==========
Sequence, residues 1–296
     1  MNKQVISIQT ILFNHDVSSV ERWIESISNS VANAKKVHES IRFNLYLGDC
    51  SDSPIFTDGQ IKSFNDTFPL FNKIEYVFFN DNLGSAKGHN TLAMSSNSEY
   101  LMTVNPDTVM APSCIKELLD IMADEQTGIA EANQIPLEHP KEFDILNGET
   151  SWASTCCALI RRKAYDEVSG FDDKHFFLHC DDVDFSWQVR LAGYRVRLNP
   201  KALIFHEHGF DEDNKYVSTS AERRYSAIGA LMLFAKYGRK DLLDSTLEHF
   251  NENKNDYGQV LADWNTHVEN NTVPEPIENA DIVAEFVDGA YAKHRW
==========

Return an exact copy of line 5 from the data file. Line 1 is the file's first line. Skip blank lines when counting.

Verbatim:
   151  SWASTCCALI RRKAYDEVSG FDDKHFFLHC DDVDFSWQVR LAGYRVRLNP